Early in the spring of 1831, members of a new religious movement entered Ohio's scenic Western Reserve and settled in the town of Kirtland. They came, men, women, and children, in every conceivable manner, some with horses, oxen, and vehicles rough and rude, while others had walked all or part of the distance. The future "City of the Saints" appeared like one besieged. Every available house, shop... Read more

American Teen-Agers of the 1960's—Our Despair or Hope?

Presidential address delivered at the National Council on Family Relations annual meeting, Miami, Florida, October 1964. Author was dean of the College of Family Living at BYU at the time the address was reprinted in BYU Studies. Teen-agers of the 1960's are growing up in the midst of the greatest scientific breakthrough in history. Such areas as education, employment, goals, values, and morality... Read more

The Consequential Dimension of Mormon Religiosity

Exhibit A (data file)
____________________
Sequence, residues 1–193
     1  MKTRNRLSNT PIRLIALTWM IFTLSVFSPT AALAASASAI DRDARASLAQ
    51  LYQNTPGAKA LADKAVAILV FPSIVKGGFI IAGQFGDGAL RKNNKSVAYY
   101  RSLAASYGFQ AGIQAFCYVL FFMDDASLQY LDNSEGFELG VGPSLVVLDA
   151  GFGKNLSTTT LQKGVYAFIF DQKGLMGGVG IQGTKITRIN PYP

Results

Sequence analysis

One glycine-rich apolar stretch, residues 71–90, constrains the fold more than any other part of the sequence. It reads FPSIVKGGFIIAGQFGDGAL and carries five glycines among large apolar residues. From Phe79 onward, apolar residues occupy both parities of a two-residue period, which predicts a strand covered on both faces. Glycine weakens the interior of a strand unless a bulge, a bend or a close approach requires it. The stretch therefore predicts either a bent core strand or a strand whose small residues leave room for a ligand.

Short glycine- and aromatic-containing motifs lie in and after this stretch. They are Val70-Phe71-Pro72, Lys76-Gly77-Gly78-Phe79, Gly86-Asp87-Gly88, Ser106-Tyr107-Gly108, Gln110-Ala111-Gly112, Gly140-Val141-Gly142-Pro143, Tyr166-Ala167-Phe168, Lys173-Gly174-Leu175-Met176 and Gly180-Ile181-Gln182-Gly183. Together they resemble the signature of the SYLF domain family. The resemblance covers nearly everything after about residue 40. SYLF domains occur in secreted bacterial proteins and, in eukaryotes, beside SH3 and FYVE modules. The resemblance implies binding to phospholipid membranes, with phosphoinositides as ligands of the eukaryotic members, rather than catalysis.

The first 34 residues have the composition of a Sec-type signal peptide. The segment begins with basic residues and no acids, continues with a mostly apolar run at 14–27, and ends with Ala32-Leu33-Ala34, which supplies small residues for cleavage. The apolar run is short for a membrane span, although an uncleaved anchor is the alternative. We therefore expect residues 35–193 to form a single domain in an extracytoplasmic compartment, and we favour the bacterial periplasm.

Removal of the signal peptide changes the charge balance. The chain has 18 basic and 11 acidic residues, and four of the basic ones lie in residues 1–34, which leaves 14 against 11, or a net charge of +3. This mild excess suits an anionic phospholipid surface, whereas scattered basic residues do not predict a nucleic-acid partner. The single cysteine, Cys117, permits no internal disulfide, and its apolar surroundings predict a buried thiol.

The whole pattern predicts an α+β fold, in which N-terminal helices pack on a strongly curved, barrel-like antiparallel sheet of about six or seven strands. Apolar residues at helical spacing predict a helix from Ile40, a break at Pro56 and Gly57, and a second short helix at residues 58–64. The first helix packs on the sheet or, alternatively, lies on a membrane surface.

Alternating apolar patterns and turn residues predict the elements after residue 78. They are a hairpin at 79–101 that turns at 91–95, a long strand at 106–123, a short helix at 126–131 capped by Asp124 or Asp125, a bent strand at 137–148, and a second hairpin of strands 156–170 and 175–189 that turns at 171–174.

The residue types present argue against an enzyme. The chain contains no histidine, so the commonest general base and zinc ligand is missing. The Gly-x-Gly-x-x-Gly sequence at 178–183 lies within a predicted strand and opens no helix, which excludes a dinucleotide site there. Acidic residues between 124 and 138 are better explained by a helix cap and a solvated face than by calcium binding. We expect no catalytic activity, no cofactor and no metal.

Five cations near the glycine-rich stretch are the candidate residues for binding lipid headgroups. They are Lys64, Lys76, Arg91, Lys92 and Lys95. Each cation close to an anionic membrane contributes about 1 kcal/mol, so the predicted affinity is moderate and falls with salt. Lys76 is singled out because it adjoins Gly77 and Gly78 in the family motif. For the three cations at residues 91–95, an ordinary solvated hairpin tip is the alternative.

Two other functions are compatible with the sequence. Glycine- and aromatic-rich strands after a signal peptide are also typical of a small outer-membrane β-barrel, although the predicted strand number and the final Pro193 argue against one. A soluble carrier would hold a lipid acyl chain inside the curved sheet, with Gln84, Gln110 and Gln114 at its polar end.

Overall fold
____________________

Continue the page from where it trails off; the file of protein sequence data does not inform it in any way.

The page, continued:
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Comment on C. Terry Warner's "What We Are"

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Religious Attitudes in the World of Humphry Clinker

If the social or political historian were to step across the corridor and ask his friend in the English Department what early novel might be especially rich in data for his study of eighteenth-century English life, his colleague might well end up naming Tobias Smollett's Expedition of Humphry Clinker (1771). Untroubled by plot (practically speaking, the novel has none), unconcerned with sentiment... Read more

Mormon Poor Relief: A Social Welfare Interlude

There has been considerable scholarship about the law of consecration in the early days of The Church of Jesus Christ of Latter-day Saints and about the more recent Church welfare plan, but there has been relatively little written about Mormon welfare in the period roughly between 1850 and 1930. Many of the early pioneers in the Salt Lake Valley faced starvation, so President Brigham Young... Read more